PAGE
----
3) The grantor is required to sign the deed in the presence of a notary (who will subsequently notarize the deed). Make sure to check your state’s guidelines as many states have allowed remote notarization due to COVID-19.9 However, some such directives have been subject to litigation. For example, Michigan Governor Whitmer’s Executive Order 2020-87 which included allowance for remote notarization due to COVID-19 was ruled unconstitutional by Michigan’s Supreme Court as of October 2, 2020.

4) For warranty deeds, schedule an appointment with your county’s treasurer’s office to bring in your deed, or mail them the deed, or submit it to them online through an approved company for a tax certification (this varies on jurisdiction).

5) Schedule an appointment with your county’s register of deeds to bring in your deed, or mail them the deed, or submit it to them online through an approved company to be recorded. You will be required to pay a recording fee. Additionally, you will be required to pay a transfer tax, but a number of exemptions are available, like if the transfer is between spouses or if the consideration is less than $100.

6) Once your deed has been successfully recorded, you are required to fill out and submit a property transfer affidavit to your local assessor within 45 days (this varies on jurisdiction); sometimes this is done through your county’s treasurer’s office or your city hall. This can be recorded in person at your local assessor’s office, or mailed to your assessor, or submitted online to them through an approved company.This alerts the assessor to the title transfer which typically uncaps the property’s tax rate. Unless you are eligible for an uncapping exemption,10 the assessor will reassess your property’s value and will assign a new property tax rate.11

III.      Common Issues

1) “Due on Sale” Clause – If there is a mortgage on the property being transferred, make sure to check if there is a “due on sale” clause in the loan documents. A “due on sale” clause means that the mortgage must be paid in full before any transfer of title can be made. This is true even if you are transferring title to an entity that you own entirely. If this is the case, consult with your lender about the transfer and what options might be available.

2) Pending Zoning Proceedings – If the grantor is in the process of a variance or special use permit application (in attempt to change the property’s zoning restrictions), the transfer can terminate the proceeding as the title will be no longer held by the applicant (even if you are transferring title to an entity that you own entirely). 

3) Effects on Title Insurance – Generally, title insurance cannot be assigned (carried over) to the grantee, even if you are transferring title from yourself to your own entity.12 Therefore, if you are the grantee, it is worth considering taking out your own title insurance policy and using a warranty deed in order to provide protection in the event of a title issue, even when you are transferring title to your own entity.13 Additionally, you should consider requesting an endorsement from your policy’s underwriter, if available, which can extend the policy to cover your entity if you feel it is worth it. These are often pretty cheap.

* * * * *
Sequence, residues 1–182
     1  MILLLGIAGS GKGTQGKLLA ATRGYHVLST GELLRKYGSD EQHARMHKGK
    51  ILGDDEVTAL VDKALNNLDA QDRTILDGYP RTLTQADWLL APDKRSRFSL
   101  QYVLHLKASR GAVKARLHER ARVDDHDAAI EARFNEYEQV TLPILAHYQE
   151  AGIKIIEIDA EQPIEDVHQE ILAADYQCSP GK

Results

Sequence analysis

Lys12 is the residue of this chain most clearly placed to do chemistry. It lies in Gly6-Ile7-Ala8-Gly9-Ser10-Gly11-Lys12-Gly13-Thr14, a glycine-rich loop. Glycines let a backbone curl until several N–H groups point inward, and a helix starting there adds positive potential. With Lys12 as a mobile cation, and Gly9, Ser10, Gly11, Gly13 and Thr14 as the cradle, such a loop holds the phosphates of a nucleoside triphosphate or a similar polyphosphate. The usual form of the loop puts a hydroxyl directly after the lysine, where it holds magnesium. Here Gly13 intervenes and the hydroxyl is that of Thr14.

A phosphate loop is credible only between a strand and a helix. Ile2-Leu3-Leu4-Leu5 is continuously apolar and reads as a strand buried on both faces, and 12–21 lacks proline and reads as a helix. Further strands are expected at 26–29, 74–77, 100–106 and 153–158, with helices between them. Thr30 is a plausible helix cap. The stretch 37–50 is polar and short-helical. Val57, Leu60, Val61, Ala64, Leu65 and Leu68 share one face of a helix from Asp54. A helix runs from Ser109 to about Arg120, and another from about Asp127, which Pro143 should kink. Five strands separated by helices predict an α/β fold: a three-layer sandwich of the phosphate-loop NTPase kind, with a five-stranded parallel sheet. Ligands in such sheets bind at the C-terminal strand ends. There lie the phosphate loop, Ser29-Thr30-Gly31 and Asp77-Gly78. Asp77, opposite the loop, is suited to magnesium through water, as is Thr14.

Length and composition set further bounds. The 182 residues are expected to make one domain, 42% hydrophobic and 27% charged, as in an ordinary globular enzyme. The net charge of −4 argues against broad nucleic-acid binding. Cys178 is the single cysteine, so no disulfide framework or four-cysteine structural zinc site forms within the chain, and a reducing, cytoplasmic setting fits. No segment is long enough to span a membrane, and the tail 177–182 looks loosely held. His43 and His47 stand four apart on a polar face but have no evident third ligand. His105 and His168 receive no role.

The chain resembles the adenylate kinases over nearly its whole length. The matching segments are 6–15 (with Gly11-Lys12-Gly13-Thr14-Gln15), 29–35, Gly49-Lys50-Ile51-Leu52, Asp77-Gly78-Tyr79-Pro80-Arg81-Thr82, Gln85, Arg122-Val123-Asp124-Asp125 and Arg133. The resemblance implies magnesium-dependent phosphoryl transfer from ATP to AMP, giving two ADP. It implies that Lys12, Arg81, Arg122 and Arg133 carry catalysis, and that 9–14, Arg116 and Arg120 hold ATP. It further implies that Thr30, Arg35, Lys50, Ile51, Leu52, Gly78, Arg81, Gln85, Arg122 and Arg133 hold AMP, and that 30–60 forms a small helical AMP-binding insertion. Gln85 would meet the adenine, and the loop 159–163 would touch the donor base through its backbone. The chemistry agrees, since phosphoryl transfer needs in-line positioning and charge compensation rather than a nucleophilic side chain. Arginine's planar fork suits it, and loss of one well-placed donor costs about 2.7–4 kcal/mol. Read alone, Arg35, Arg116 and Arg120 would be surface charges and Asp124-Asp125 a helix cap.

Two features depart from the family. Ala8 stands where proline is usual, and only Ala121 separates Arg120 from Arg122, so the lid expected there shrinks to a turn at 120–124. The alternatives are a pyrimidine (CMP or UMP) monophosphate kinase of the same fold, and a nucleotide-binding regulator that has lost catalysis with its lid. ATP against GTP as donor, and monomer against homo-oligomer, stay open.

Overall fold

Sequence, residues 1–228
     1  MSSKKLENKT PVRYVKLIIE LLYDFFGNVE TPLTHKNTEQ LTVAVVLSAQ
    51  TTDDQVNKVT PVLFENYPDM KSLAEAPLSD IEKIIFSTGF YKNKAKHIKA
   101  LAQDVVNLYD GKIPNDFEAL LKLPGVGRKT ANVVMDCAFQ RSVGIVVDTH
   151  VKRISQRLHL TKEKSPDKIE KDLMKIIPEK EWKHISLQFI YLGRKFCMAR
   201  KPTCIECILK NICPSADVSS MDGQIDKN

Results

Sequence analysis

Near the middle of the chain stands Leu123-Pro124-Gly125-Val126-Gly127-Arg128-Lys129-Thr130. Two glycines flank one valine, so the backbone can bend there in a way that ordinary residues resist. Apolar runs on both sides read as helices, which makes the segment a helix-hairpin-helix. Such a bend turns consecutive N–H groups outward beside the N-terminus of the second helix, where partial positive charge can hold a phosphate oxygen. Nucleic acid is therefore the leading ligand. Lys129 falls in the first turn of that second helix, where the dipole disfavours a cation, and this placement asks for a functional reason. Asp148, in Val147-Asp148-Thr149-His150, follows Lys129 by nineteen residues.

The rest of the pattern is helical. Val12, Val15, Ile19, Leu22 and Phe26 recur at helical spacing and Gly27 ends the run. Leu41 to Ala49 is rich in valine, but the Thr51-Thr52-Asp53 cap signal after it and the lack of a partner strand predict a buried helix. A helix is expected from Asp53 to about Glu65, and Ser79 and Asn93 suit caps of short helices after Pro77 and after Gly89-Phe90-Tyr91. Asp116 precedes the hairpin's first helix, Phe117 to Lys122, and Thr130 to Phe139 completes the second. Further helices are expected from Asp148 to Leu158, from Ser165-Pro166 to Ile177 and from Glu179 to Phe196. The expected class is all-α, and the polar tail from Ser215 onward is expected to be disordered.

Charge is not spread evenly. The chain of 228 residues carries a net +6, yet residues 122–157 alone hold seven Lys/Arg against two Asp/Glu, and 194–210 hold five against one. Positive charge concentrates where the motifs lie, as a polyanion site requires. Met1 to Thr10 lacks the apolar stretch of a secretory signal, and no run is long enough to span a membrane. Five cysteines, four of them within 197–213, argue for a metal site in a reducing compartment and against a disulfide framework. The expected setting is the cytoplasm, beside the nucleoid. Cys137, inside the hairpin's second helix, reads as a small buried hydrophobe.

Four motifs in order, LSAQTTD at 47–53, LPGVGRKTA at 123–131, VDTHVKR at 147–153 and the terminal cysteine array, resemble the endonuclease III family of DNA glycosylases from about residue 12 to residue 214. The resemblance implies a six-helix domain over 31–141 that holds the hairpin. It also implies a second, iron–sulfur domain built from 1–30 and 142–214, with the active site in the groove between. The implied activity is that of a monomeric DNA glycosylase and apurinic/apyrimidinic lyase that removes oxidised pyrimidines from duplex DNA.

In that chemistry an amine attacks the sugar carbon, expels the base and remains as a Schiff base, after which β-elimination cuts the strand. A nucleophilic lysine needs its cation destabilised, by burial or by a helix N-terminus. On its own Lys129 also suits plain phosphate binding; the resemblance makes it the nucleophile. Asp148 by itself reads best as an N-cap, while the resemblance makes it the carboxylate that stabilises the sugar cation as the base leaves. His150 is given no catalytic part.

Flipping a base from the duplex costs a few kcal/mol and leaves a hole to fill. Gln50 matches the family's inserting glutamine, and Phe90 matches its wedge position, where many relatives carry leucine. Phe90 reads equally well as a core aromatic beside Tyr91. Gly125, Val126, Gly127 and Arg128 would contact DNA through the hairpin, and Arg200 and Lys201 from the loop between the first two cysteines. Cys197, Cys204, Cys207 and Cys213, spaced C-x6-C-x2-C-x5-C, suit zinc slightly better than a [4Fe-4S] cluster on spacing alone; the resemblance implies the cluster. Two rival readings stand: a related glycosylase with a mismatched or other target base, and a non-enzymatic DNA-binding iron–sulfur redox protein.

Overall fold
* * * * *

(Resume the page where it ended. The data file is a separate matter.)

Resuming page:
Hopefully you found this blog post helpful in understanding the three common deeds, the transfer of title process and common issues to avoid.

  1. Knud E. Hermansen, Deeds: A Primer for Surveyors, Univ. of Me., 

  2. For example, if it turns out that there is a lien (a right to possess property of another person until the debt which is secured by the property is discharged) that was incurred by a previous owner, the creditor has an interest in the property to get paid for the debt which was secured by the property. Sometimes this can allow the creditor to force a sale of the property in order to get paid. 

  3. Note that this is sometimes referred to as a general warranty deed, not to be confused with a special warranty deed. 

  4. Knud E. Hermansen, Deeds: A Primer for Surveyors, Univ. of Me., 

  5. E.g., Mich. Comp. Laws § 750.275 (1931). 

  6. Knud E. Hermansen, Deeds: A Primer for Surveyors, Univ. of Me., 

  7. See, e.g., Forms Library by State, Madison Title Agency, 

  8. For example, the tax identification number and the name and address of the person who drafted the deed all must appear on the deed. There are also a number of formatting requirements that you should ensure are met. 

  9. State Electronic Signatures, Recording, and Notarization Laws for Real Estate Transactions: Quick Reference Tracker (US), Westlaw (available in Practical Law, Real Estate section) (last updated Nov. 18, 2020). 

  10. Check your state’s list of exemptions to see if your title transfer qualifies for an uncapping exemption. Such exemptions are often available for inter-family transfers. 

  11. Completing And Recording Deeds, Sacramento Cnty. Pub. Law Libr., 

  12. If you are transferring title to an entity that you own, feel free to contact your title insurance policy’s underwriter and verify whether the policy will continue and cover your entity as well. 

  13. David M. Goldberg, Real Estate for the General Practitioner § 1-8 (2018), LexisNexis. 

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Josh Goldman